Does Institutional Embeddedness Promote Regional Enterprises’ Migration? An Empirical Analysis Based on the “Double Transfer” Strategy in Guangdong, China
Rongjun Long (),
Wei Lang () and
Xun Li ()
Additional contact information
Rongjun Long: China Regional Coordinated Development and Rural Construction Institute, Sun Yat-sen University, Guangzhou 510275, China
Wei Lang: China Regional Coordinated Development and Rural Construction Institute, Sun Yat-sen University, Guangzhou 510275, China
Xun Li: China Regional Coordinated Development and Rural Construction Institute, Sun Yat-sen University, Guangzhou 510275, China
Sustainability, 2020, vol. 12, issue 7, 1-21
Against the background of globalization, institutional embeddedness has become an important theoretical tool to understand the changes in regional economic patterns. This paper starts by discussing the theory of location choice of enterprises and then uses the statistical method of negative binomial regression to analyze the impact factors of enterprises’ transfer from the perspective of institutional embeddedness by taking Guangdong Province, China, as a case study area. It was found that informal institutional factors such as the same language, the same industry, and geographical proximity have significant positive effects on the transfer of regional enterprises. Formal institutions such as counterpart assistance are the core driving force of enterprise transfer, while traditional economic factors such as cost comparative advantage have no significant impact on the transfer of regional enterprises. This research shows that the transfer of regional enterprises is greatly influenced by the current regional institutional environment. Therefore, it is important for future policy makers to consider the regional institutional environment and to deepen regional institutional embeddedness to advance urban and regional development.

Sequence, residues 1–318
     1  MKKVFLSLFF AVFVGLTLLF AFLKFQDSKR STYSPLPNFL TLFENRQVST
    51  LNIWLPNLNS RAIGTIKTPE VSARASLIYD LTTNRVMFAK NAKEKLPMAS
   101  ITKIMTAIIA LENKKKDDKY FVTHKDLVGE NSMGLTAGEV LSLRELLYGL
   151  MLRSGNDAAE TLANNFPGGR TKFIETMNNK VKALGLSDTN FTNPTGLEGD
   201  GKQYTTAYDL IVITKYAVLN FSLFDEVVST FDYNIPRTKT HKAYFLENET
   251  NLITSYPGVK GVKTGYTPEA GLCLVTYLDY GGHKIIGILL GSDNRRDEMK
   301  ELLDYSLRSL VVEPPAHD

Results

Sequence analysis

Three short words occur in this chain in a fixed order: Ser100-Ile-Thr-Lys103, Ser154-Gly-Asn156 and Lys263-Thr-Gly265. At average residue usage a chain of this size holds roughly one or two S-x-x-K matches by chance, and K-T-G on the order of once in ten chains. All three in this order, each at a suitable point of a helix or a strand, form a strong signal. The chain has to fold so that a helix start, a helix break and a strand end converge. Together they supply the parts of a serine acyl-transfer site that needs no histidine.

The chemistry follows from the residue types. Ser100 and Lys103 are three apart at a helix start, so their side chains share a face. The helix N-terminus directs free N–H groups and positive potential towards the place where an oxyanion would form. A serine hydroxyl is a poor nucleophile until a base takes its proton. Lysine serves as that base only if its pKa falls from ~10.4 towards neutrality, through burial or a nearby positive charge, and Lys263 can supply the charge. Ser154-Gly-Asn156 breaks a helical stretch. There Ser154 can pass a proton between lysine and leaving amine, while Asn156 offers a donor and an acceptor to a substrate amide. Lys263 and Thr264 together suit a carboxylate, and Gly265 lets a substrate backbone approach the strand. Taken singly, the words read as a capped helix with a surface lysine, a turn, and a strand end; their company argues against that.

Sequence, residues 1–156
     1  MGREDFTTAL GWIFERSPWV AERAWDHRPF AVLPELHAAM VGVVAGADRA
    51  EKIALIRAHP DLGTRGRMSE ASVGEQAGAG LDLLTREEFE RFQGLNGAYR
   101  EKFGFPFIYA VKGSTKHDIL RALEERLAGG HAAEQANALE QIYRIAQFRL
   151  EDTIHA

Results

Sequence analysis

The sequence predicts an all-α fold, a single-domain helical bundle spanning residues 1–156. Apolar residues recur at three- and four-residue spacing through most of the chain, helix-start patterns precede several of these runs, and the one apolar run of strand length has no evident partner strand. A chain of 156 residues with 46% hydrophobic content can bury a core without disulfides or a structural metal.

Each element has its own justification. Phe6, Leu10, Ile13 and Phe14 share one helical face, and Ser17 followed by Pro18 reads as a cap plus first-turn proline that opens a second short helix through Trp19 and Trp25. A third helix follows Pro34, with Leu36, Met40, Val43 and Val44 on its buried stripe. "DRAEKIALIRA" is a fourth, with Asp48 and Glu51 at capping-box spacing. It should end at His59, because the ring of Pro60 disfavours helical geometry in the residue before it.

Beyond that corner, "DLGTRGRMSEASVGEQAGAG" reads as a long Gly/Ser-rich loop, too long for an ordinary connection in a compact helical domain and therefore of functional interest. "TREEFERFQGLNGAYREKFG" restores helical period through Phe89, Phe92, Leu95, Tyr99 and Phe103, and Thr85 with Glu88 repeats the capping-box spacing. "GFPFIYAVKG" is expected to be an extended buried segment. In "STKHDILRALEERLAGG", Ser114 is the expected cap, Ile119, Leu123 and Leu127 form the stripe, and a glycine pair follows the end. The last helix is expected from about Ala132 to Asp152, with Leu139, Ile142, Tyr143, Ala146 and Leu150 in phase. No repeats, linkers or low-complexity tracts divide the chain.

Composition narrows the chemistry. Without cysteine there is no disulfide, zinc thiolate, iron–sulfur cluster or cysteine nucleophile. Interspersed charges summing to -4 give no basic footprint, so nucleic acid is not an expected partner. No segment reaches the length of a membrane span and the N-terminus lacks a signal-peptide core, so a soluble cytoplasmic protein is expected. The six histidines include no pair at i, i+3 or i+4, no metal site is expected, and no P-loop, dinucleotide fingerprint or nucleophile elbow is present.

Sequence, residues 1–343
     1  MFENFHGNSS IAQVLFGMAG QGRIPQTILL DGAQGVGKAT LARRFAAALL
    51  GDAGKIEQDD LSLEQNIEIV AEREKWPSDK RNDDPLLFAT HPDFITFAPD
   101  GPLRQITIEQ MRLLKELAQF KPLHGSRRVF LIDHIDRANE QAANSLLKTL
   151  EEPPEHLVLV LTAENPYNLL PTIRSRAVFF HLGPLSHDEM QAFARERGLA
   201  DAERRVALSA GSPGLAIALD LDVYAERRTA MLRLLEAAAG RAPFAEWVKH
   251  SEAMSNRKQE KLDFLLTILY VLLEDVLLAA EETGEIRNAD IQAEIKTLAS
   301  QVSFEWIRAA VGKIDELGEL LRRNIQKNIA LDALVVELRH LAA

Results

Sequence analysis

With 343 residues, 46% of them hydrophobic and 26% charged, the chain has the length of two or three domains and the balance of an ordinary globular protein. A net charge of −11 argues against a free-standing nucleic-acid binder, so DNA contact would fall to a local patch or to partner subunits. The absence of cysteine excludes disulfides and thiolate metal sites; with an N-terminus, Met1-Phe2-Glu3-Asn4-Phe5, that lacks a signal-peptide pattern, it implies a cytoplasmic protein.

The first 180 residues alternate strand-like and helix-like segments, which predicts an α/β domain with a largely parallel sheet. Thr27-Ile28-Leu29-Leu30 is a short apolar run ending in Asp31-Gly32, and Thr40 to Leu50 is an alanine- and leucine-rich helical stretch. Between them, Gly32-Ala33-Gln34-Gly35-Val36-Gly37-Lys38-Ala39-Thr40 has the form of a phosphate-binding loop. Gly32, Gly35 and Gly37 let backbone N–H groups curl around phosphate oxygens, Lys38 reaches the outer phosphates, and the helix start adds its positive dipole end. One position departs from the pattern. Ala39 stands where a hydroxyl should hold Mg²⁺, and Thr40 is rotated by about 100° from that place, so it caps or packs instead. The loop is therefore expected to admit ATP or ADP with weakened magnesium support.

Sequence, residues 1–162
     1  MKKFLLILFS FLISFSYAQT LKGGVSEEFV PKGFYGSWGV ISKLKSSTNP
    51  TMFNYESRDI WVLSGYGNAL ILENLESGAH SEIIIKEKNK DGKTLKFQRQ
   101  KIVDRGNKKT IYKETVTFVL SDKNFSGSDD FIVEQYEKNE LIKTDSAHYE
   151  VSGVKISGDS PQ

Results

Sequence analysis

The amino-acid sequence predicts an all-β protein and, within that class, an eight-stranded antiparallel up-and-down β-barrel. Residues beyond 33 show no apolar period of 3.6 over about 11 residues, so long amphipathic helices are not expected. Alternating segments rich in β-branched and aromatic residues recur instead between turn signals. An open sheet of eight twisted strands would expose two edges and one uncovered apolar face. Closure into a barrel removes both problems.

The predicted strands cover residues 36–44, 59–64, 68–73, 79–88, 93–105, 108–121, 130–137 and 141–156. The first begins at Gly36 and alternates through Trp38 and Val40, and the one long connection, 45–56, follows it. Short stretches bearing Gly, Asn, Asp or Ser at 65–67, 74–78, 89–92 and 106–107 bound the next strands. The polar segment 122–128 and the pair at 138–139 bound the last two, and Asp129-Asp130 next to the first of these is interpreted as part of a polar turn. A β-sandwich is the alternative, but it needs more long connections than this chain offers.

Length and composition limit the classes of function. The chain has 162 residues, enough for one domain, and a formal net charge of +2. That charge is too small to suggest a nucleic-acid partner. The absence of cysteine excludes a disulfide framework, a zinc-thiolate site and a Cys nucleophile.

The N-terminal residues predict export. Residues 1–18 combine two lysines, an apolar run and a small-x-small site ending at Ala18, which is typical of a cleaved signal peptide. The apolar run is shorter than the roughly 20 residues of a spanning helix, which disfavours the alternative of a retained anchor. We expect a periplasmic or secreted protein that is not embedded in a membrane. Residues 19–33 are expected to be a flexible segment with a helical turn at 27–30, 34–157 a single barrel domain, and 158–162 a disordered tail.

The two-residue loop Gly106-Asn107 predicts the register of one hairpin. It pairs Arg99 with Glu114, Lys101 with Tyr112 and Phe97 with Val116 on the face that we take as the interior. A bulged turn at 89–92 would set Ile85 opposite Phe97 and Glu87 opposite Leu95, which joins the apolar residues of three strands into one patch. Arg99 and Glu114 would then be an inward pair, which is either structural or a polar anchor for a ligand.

Keywords: institutional embeddedness; enterprise transfer; regional governance; Guangdong Province; China (search for similar items in EconPapers)
JEL-codes: Q Q0 Q2 Q3 Q5 Q56 O13 (search for similar items in EconPapers)
References: View references in EconPapers View complete reference list from CitEc
Citations: Track citations by RSS feed
Downloads: (external link)
This item may be available elsewhere in EconPapers: Search for items with the same title.
Export reference: BibTeX
RIS (EndNote, ProCite, RefMan)
Persistent link: https://EconPapers.repec.org/RePEc:gam:jsusta:v:12:y:2020:i:7:p:2908-:d:341963
Access Statistics for this article
Sustainability is currently edited by Prof. Dr. Marc A. Rosen
More articles in Sustainability from MDPI, Open Access Journal
Bibliographic data for series maintained by XML Conversion Team ().